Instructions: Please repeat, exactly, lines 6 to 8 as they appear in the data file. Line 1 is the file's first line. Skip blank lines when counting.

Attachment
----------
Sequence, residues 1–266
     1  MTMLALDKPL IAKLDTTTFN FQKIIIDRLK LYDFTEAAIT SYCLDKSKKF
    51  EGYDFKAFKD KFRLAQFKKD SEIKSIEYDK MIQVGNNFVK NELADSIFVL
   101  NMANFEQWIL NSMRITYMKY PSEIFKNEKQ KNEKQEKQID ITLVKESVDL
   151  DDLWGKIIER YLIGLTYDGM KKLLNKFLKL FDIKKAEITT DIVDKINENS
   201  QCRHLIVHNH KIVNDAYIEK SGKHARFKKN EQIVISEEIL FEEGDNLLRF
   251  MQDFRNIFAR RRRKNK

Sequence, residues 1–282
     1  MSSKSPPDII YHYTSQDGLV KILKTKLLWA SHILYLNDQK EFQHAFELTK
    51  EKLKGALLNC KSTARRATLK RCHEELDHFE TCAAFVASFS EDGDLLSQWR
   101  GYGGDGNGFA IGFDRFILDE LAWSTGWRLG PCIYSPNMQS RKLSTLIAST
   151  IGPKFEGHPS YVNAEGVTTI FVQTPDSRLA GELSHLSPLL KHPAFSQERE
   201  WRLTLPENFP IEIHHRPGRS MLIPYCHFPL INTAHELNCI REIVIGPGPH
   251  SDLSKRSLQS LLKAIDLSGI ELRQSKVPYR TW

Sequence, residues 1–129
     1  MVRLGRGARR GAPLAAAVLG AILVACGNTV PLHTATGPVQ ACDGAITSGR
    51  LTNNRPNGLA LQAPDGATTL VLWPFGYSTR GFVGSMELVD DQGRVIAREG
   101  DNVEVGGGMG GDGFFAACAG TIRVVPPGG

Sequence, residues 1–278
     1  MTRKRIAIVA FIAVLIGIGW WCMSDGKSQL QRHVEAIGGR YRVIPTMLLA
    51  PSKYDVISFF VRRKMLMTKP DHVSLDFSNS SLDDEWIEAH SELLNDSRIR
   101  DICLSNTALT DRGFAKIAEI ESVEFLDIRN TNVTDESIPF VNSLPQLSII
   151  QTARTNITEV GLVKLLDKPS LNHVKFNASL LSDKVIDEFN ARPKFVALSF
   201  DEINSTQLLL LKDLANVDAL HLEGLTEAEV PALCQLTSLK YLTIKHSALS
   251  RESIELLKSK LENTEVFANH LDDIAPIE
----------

   201  QCRHLIVHNH KIVNDAYIEK SGKHARFKKN EQIVISEEIL FEEGDNLLRF
   251  MQDFRNIFAR RRRKNK

Sequence, residues 1–282